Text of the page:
How you can help avoid hires who will quickly leave your company


As life returns to normal, employers have the opportunity to increase their chances of recruiting new employees by posting clearer job descriptions that emphasize flexibility and helping new workers feel confident. welcome.

The advice from recruitment experts comes at a time when companies are facing higher turnover rates in light of the pandemic.

“In most cases, we find that people leave their jobs because of their boss or their inability to do their best,” said Brenda Gilchrist, co-founder and partner of The HR Matrix, a resource consulting firm based in Santa Rosa.

When an employee leaves a company, she noted, it’s important for employers to avoid the impulse to quickly find someone new.

“We’re warning employers not to just plug a hole,” Gilchrist said. “We regularly come across poorly done hires, which will lead to turnover one way or another.”

Employers can help themselves by writing job postings that accurately represent the needs of the business, she said, adding that how the job is described is key.

“We often see jobs filled with mismatched core functions or mismatched job titles that don’t match the actual duties,” Gilchrist said.

Once employees are hired, companies can increase their chances of retaining them by improving the onboarding experience, according to a recent article from the Society of Human Resource Management.

Jennifer Shapley, vice president of global talent acquisition at LinkedIn, told SHRM that companies “should consider refreshing onboarding materials… The world has changed and recruiters need to be aware of the latest changes in the industry. organization in order to prepare the right message”.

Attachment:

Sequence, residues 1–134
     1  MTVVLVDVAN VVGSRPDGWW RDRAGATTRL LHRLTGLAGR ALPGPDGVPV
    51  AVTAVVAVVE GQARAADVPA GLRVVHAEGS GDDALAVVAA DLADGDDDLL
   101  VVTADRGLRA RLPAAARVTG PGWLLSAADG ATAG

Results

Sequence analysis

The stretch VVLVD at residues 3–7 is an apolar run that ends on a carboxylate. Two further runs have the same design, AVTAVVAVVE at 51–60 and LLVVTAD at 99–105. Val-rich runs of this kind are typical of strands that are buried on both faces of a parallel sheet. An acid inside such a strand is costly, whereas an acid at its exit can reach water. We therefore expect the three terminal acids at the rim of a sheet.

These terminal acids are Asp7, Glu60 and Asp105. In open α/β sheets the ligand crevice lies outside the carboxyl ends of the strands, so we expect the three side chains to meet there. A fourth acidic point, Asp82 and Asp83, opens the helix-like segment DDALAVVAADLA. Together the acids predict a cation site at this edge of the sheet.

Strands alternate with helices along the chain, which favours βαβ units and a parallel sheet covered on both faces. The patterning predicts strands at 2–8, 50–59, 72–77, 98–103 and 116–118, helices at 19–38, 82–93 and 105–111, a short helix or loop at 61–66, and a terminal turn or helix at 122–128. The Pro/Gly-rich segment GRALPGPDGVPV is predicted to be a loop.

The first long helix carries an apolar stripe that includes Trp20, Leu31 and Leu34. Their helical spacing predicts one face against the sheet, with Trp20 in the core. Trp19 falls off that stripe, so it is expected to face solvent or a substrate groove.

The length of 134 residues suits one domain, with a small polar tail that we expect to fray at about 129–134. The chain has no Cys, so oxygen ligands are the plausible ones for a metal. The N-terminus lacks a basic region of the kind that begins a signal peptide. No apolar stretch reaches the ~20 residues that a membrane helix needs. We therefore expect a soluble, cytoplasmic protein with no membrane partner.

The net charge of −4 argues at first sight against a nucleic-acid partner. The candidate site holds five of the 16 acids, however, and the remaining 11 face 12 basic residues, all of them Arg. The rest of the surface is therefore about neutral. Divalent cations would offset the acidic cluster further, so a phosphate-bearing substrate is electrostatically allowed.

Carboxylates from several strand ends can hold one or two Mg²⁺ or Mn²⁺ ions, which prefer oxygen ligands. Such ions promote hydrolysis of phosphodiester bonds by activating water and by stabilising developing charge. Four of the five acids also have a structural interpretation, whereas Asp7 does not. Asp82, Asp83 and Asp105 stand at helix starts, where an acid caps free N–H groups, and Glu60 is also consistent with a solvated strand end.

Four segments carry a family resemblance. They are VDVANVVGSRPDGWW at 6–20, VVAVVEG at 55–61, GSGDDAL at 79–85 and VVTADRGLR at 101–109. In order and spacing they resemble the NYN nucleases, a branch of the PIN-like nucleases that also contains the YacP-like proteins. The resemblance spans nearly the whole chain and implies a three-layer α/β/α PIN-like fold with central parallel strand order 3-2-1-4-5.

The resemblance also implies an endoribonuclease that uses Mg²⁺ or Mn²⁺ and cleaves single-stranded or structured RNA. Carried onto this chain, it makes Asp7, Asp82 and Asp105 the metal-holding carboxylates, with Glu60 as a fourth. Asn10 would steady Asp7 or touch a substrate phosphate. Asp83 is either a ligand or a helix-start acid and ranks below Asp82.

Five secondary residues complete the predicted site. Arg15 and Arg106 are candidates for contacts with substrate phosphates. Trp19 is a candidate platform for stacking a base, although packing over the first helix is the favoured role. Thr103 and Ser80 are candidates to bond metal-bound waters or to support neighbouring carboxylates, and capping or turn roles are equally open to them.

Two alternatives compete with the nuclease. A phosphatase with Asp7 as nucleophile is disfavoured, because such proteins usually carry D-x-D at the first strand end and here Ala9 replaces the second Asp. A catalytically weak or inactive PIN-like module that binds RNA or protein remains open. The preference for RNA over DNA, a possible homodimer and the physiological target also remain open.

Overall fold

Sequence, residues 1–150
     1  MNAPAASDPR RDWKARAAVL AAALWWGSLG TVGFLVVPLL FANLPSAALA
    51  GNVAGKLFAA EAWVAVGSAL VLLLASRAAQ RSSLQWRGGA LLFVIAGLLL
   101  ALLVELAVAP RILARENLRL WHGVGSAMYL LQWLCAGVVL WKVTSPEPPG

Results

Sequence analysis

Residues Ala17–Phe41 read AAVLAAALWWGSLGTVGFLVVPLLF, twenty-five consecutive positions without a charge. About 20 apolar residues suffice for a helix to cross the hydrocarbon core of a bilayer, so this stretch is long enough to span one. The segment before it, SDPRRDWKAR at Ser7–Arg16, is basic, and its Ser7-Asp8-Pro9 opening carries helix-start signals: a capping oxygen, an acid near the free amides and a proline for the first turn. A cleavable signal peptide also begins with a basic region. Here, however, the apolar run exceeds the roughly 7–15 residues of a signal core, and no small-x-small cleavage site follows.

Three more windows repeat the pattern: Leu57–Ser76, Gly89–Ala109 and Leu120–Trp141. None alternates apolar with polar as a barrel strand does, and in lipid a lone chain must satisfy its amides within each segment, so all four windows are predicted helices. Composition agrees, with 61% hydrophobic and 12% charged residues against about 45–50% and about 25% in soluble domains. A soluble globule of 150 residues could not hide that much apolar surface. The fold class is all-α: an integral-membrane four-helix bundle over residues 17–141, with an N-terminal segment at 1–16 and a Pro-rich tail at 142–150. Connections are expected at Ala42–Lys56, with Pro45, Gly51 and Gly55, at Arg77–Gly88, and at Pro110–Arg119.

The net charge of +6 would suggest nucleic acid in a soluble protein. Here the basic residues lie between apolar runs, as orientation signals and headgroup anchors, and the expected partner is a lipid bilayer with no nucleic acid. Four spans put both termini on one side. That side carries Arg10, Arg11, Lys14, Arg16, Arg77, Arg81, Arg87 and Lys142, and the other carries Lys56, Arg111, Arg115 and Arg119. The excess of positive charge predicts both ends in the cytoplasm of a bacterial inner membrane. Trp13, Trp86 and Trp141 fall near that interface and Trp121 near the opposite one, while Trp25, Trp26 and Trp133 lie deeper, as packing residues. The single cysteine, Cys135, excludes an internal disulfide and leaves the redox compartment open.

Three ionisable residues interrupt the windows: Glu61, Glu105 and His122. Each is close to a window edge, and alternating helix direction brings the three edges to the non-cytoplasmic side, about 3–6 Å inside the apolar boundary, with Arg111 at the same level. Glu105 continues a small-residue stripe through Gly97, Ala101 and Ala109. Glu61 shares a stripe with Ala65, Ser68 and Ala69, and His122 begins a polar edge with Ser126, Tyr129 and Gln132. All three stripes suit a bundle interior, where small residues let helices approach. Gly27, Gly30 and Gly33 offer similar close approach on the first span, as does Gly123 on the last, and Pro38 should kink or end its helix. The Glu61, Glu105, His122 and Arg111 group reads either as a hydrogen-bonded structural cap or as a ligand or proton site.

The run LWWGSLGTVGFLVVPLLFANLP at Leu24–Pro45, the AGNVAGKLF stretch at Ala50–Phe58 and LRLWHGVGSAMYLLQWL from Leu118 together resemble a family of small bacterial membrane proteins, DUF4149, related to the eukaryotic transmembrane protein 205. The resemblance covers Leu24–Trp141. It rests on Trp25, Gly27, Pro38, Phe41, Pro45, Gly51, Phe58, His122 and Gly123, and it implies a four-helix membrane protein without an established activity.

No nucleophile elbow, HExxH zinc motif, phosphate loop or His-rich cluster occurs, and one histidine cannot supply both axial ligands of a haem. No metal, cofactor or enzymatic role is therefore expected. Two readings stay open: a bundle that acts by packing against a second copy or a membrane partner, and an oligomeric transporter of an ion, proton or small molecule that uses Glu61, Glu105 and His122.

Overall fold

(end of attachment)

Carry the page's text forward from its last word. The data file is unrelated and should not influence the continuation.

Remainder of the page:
An effective onboarding process must also incorporate a digital component.

“When hiring remote employees, think about how you’ll make them feel welcome, supported, and part of a team they may never meet in person,” said Sarah Cush, Regional Director of global talent solutions company Robert Half. “Invest in the right technology to support effective communication and collaboration. Which business process will be impacted? Anticipate issues, adjust workflows, and ensure everyone has access to the resources they need.

Further on the remote front, SHRM reported that a LinkedIn survey found an 83% increase in job postings mentioning flexibility in 2021 compared to 2019.

“Where possible, we agree it’s important to mention flexibility and/or remote work options, if the business can accommodate that,” Gilchrist said. “We encourage our clients to consider creative recruitment models such as job sharing, reduced work hours, creative work designs that minimize the time required for one person, and automation where appropriate.”

Additionally, employers are beefing up their benefits, especially in light of the pandemic.

“Medical leave (and) sick leave has become a big concern and focal point due to COVID-19,” Cush said. “Benefits are a top concern for workers, so HR or staffing professionals need to make sure their benefits are up to par and competitive to attract people.”

Cheryl Sarfaty covers tourism, hospitality, healthcare and education. She previously worked for a Gannett daily in New Jersey and for NJBIZ, the state’s business newspaper. Cheryl has freelanced for business journals in Sacramento, Silicon Valley, San Francisco and Lehigh Valley, PA. She holds a bachelor’s degree in journalism from California State University, Northridge. Reach her at [email protected] or 707-521-4259.


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